Tempers flare among residents at RV bylaw public meeting

County of Wetaskiwin looking for suggestions on RV restrictions

County of Wetaskiwin staff and council at the RVC meeting in Mulhurst Bay Apr. 21 (from left): assistant CAO Rod Hawken

County of Wetaskiwin staff and council at the RVC meeting in Mulhurst Bay Apr. 21 (from left): assistant CAO Rod Hawken

With a recent public forum the County of Wetaskiwin continues its plan to seek resolution and a land use bylaw for recreational vehicle usage in the county that both RV users and home owners can be happy with.

It was a full house at the Mulhurst Bay Community Centre on April 21 as residents came to voice their opinions to council and county staff as to why they did or did not agree with the county’s current bylaw.

“County is not presenting any solutions tonight, we’re here to listen,” said reeve Kathy Rooyakkers.

“It is imperative to get all the input from everyone in order for council to make an informed decision,” she added.

The atmosphere of the meeting was testy, and those standing to address council were often interrupted and heckled regardless of which opinion they were presenting.

More home owners and RV users from the Mulhurst Bay area spoke than those from Buck Lake, and the number of people representing RV owners seemed to outweigh permanent residents in attendance.

County of Wetaskiwin assistant CAO Rod Hawken addressed the crowd to provide a little history of the issue and explain why some portions of the bylaw are in place.

According to the Provincial Safety Codes Act Alberta Building Codes recreational vehicles are not considered residential buildings.

“Land use bylaws cannot authorize a use that is not allowed by federal or provincial legislation,” said Hawken.

Zoning, property size, and setbacks are factors in how recreational vehicles can be used throughout the county.

Hawken says noise, fires, parties and garbage are where many of the community concerns come from, not the RV use itself.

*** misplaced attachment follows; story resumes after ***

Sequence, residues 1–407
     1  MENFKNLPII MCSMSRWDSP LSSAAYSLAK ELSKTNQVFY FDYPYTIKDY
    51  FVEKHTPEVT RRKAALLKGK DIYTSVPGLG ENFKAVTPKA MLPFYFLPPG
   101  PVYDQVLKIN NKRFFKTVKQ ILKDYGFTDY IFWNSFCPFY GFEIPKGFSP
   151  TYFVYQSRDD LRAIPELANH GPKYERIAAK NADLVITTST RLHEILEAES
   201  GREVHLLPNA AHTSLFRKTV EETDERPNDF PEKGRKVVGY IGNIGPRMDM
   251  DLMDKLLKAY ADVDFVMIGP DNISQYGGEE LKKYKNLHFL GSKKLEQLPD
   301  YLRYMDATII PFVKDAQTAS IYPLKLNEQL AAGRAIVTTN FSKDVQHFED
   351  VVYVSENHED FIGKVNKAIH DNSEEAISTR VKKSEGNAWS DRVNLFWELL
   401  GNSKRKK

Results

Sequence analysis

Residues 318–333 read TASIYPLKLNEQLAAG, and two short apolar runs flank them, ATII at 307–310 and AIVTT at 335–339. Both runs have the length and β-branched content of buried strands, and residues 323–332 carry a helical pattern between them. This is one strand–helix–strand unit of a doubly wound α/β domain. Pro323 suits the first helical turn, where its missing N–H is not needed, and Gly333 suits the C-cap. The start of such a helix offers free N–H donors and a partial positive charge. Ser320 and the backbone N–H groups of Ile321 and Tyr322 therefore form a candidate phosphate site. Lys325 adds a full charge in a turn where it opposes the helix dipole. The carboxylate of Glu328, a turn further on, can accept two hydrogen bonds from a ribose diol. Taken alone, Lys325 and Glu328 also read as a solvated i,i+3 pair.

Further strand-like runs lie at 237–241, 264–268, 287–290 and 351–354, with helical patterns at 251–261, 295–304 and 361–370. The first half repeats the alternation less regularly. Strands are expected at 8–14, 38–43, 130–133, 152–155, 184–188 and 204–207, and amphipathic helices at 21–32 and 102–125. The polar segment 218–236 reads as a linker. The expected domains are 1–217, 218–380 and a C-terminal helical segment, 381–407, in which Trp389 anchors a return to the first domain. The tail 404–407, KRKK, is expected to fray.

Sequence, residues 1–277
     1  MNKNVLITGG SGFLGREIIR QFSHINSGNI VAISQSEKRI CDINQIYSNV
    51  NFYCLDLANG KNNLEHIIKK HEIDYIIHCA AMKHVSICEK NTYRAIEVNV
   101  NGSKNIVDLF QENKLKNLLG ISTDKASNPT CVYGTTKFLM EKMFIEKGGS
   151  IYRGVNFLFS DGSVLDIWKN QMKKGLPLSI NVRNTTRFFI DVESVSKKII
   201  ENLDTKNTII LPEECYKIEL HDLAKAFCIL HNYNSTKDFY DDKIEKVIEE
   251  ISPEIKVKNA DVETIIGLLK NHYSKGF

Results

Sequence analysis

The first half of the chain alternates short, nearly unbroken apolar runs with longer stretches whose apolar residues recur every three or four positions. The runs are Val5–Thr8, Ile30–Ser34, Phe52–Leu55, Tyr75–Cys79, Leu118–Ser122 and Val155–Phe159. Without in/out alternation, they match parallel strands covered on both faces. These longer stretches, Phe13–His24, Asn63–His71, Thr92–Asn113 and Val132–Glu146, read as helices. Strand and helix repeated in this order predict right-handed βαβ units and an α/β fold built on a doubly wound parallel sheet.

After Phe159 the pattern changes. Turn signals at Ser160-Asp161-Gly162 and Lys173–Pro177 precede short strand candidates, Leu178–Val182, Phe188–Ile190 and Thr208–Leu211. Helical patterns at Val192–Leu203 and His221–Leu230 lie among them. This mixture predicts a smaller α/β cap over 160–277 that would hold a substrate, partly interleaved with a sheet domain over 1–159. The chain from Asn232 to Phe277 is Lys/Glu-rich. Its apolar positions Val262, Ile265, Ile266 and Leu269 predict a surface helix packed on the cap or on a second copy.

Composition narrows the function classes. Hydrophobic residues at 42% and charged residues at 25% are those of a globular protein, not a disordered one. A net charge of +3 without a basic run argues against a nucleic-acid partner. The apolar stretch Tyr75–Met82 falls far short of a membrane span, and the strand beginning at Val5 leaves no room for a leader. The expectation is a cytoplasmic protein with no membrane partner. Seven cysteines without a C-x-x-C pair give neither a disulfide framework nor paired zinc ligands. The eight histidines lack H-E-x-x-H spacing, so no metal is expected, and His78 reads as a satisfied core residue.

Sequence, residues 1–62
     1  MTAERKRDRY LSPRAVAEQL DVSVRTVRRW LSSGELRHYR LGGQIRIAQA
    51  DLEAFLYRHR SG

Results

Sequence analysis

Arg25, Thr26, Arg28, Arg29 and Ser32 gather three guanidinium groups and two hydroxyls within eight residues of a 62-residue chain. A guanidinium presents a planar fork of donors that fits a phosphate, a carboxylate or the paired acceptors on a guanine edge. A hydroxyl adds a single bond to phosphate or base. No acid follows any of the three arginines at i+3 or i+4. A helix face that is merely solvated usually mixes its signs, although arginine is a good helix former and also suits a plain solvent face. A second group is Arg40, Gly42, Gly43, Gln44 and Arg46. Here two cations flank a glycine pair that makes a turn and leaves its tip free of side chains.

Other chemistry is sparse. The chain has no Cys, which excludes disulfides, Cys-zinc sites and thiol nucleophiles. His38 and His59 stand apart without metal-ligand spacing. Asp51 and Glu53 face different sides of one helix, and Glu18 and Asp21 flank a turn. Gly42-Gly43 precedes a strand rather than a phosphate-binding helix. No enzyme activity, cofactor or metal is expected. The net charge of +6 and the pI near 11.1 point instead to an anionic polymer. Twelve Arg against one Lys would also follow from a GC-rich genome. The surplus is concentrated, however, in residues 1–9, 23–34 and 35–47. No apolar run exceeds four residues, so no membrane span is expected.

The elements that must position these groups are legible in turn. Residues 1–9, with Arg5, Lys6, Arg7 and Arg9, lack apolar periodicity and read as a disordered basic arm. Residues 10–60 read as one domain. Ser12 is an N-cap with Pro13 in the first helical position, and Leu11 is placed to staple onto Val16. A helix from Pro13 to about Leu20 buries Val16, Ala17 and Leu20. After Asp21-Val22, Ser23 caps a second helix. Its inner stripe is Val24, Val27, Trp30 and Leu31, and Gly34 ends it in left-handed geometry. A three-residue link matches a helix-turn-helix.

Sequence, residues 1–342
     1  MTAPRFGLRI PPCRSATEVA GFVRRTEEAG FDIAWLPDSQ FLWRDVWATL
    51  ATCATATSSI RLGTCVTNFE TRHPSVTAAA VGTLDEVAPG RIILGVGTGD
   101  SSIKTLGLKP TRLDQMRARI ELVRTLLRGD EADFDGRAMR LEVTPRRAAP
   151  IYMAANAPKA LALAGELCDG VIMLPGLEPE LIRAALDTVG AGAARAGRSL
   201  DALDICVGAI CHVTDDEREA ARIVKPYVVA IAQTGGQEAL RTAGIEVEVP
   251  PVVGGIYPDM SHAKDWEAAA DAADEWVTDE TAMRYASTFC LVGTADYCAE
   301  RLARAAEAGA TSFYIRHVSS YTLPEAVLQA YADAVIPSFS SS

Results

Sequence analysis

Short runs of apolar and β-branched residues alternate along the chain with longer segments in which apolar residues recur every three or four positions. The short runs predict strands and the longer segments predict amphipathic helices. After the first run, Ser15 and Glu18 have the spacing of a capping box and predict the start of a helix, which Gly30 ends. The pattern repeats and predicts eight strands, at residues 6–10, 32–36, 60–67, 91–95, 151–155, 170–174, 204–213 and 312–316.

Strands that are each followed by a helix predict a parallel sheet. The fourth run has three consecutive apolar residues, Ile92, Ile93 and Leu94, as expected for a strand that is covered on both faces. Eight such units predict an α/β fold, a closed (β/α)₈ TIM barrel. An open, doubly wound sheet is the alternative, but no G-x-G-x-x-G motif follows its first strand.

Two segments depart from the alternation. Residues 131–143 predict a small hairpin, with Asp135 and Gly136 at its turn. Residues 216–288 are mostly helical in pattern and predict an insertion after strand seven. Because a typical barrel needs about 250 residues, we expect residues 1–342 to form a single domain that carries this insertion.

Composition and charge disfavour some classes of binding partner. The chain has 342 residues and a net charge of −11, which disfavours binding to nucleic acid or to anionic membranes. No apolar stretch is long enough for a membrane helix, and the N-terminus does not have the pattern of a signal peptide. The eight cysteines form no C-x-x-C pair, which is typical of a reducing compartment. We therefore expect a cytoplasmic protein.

“The county does not wish to ban or remove recreational vehicles,” said Hawken. He explained the county’s goal is to have compliance with the land use bylaw.

County administration responds to issues on a complaint basis.

One Mulhurst Bay permanent resident says they feel the county is pitting home owners and RV users against each other with the complaint-driven model and would like to see the bylaws better enforced, not necessarily after a complaint is made.

The county employs two bylaw officers and four peace officers. Rooyakkers said there is not enough enforcement staff to see every issue without help. “We’re not trying to pin neighbour on neighbour,” said Rooyakkers.

A Buck Lake resident also stood to voice issue with a perceived lack of enforcement and says they feel RVs in the area are being used as decoys so people can avoid paying taxes.

Another from the Buck Lake area said they have concerns with “labelling,” leaving RV users vulnerable. How people conduct themselves should be looked at and not what they live in.

Safety code rules were also brought into question; if RVs in residential areas cause concern why are they allowed in closer quarters in campgrounds?

One RV user from Mulhurst Bay says if those safety codes are the case then campgrounds are “ticking time bombs.” They informed council they do not feel the bylaw reflects reality. They also added the bylaw is not conducive to family reunions and other gatherings, and that RV owners are treated like second class citizens.

A presentation by a representative from the Mulhurst Citizens Group outlined many homeowner concerns as being: bylaw non-enforcement, improper use of property, decreased land values, and other safety concerns.

The definition of short term camping was also questioned, as campers can stay for 14 days, pull out for one day and come back for another 14 days. The purpose of the rule left some audience members mystified.

Multiple RV owners mentioned the business summer residents bring to the Pigeon Lake area and how communities would suffer without the patronage of RV users.

One Mulhurst Bay home owner stood to say they had safety concerns with the number of non-permanent people living in the community.

While the county held the community meeting with the goal of hearing solutions from residents many used the opportunity to air their grievances. However, a handful of suggestions were made including: enforcing green-space barriers between lots, using the RV as a tax opportunity, changing the 14 limit and grandfathering RV users that were in the community before 1995.

The County of Wetaskiwin is be accepting comments on the matter, via mail or email, until April 30; county council will be discussing the land use bylaw in a public meeting on May 11 in council chambers.

 

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